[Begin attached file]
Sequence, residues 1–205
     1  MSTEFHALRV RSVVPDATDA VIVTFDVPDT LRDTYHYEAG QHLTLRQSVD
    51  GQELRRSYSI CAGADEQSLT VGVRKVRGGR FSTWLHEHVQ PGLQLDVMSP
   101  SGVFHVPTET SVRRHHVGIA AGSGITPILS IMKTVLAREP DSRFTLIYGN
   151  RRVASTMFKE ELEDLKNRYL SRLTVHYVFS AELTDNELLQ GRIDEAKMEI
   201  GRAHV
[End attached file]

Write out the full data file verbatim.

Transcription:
Sequence, residues 1–205
     1  MSTEFHALRV RSVVPDATDA VIVTFDVPDT LRDTYHYEAG QHLTLRQSVD
    51  GQELRRSYSI CAGADEQSLT VGVRKVRGGR FSTWLHEHVQ PGLQLDVMSP
   101  SGVFHVPTET SVRRHHVGIA AGSGITPILS IMKTVLAREP DSRFTLIYGN
   151  RRVASTMFKE ELEDLKNRYL SRLTVHYVFS AELTDNELLQ GRIDEAKMEI
   201  GRAHV